That’s a rental truck, gas to get there, packing materials, food while traveling to the new location, etc. It’s perhaps a bit higher than it might be otherwise because my husband and I have to fly to her new location to help with the move, but even without that plane tickets, it’s a $4,000 process. For most people the cost would include a new place to stay, utility connection and deposits at the new place, if they could find someone willing to rent to a person with bad credit.

Most people living in poverty don’t have $4,000 to fund a move.

The truth of the matter is that many people caught in poverty are good people, despite what the prosperity gospel claims. But unfortunately, we as a society believe the lies.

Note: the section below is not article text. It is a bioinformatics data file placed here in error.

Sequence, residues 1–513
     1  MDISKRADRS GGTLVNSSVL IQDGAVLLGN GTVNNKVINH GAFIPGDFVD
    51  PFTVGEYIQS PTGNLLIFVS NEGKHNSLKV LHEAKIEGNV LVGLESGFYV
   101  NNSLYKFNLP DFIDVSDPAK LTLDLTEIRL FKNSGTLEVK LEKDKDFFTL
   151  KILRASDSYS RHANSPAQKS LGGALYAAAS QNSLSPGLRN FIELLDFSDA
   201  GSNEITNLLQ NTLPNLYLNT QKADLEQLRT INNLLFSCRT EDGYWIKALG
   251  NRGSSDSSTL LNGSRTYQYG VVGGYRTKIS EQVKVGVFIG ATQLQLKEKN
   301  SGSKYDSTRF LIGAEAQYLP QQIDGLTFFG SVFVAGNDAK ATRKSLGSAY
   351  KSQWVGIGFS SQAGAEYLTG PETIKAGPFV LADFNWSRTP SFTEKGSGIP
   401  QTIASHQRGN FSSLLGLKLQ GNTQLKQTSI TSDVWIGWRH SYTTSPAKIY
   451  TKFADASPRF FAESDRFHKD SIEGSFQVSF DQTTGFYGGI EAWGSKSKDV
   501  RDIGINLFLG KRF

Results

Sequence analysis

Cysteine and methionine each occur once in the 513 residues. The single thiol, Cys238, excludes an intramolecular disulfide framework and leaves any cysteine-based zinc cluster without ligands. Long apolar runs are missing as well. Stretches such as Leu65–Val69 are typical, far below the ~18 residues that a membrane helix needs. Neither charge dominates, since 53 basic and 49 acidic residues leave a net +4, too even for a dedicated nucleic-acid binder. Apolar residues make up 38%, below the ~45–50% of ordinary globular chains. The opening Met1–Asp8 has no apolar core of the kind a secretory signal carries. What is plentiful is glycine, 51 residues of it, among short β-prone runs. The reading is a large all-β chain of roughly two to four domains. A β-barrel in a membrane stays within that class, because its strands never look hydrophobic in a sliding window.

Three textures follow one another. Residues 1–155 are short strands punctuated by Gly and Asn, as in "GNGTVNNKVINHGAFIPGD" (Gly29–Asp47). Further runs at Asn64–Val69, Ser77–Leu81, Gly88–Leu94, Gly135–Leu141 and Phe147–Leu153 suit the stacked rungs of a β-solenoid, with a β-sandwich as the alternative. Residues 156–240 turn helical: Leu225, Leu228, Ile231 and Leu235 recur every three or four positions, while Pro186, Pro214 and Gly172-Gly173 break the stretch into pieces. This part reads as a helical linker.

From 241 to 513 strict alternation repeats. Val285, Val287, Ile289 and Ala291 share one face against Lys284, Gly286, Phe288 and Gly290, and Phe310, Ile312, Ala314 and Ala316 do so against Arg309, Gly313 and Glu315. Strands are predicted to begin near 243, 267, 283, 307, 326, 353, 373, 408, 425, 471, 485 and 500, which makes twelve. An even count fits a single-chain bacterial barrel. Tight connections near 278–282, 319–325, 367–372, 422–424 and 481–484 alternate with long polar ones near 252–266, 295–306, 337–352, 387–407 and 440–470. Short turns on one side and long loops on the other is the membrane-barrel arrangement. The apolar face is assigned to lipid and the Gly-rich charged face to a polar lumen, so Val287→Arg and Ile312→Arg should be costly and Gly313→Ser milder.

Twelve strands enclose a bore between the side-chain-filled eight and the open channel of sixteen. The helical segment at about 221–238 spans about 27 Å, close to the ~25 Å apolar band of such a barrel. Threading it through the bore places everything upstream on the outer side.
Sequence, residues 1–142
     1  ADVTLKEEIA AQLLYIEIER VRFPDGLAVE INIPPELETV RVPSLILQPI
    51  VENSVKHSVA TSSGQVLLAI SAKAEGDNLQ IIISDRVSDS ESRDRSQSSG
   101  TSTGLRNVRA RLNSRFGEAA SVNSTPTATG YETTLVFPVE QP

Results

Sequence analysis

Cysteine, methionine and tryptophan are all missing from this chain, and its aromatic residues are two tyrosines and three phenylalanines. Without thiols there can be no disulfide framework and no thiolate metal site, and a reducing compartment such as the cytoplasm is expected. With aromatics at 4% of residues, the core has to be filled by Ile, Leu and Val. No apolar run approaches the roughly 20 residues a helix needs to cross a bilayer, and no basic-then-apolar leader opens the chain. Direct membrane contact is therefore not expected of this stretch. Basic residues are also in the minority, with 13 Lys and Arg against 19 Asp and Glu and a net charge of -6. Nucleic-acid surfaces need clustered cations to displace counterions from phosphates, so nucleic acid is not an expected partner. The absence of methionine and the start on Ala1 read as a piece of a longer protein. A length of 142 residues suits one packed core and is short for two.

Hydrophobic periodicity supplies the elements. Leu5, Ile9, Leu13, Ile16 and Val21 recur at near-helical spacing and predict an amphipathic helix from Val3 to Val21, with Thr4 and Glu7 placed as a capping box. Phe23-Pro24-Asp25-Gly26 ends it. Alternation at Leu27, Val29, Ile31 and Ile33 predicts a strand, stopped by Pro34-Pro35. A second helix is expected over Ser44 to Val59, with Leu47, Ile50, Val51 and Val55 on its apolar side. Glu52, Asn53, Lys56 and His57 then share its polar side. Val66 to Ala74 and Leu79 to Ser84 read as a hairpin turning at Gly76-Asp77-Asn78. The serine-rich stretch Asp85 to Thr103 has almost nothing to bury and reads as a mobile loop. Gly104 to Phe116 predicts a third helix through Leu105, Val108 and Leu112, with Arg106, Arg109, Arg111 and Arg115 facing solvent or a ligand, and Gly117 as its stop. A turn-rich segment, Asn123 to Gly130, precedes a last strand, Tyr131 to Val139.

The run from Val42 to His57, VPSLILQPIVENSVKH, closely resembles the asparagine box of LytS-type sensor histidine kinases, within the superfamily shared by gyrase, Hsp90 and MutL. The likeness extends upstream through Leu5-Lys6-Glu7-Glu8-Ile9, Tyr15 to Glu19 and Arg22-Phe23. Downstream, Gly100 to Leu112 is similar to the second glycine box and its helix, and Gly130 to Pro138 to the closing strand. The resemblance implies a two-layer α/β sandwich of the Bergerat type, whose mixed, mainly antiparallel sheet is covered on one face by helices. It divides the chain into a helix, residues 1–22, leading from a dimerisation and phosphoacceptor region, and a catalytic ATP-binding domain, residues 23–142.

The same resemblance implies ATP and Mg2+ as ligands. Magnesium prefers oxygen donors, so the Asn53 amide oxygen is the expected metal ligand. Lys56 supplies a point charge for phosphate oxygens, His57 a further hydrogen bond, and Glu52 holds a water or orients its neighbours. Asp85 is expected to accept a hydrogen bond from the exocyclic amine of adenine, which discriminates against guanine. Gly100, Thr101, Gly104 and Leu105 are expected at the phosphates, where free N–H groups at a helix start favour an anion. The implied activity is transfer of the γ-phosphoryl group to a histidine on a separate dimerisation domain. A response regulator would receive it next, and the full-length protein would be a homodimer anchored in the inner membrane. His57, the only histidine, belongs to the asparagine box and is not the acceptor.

We believe that the unhomed person is there because of their addiction, not because of their lack of health care or generational poverty. We believe people when they say to never give money to the poor because it’s enabling them to make bad decisions.

When I was poor and asked people for money it was generally because I needed to pay my water or electric bill. Giving people food is nice, but they also need a place to stay, clothes and maybe even a warm coffee once in awhile.

Don’t believe the lies that people in poverty are bad with money. You can’t be bad with things you don’t have.

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Lucinda Gunnin is a commercial property manager and author in the suburbs of Philadelphia. She’s a news junky, sushi addict, and geek extraordinaire.

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Lucinda Gunnin

Lucinda Gunnin

Lucinda Gunnin is a commercial property manager and author in the suburbs of Philadelphia. She’s a news junky, sushi addict, and geek extraordinaire.